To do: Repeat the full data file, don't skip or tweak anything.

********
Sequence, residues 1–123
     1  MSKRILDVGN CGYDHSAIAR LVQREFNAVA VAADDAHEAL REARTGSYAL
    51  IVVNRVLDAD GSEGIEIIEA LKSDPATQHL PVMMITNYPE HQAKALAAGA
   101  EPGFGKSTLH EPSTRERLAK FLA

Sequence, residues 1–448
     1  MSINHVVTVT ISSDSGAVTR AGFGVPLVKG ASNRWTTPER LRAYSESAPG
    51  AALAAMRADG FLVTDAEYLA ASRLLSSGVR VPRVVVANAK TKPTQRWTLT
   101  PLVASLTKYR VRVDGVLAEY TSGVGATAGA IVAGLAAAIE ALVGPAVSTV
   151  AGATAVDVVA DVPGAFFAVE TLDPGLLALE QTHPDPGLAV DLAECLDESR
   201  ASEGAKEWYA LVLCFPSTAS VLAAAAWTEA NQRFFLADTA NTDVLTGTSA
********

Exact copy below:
Sequence, residues 1–123
     1  MSKRILDVGN CGYDHSAIAR LVQREFNAVA VAADDAHEAL REARTGSYAL
    51  IVVNRVLDAD GSEGIEIIEA LKSDPATQHL PVMMITNYPE HQAKALAAGA
   101  EPGFGKSTLH EPSTRERLAK FLA

Sequence, residues 1–448
     1  MSINHVVTVT ISSDSGAVTR AGFGVPLVKG ASNRWTTPER LRAYSESAPG
    51  AALAAMRADG FLVTDAEYLA ASRLLSSGVR VPRVVVANAK TKPTQRWTLT
   101  PLVASLTKYR VRVDGVLAEY TSGVGATAGA IVAGLAAAIE ALVGPAVSTV
   151  AGATAVDVVA DVPGAFFAVE TLDPGLLALE QTHPDPGLAV DLAECLDESR
   201  ASEGAKEWYA LVLCFPSTAS VLAAAAWTEA NQRFFLADTA NTDVLTGTSA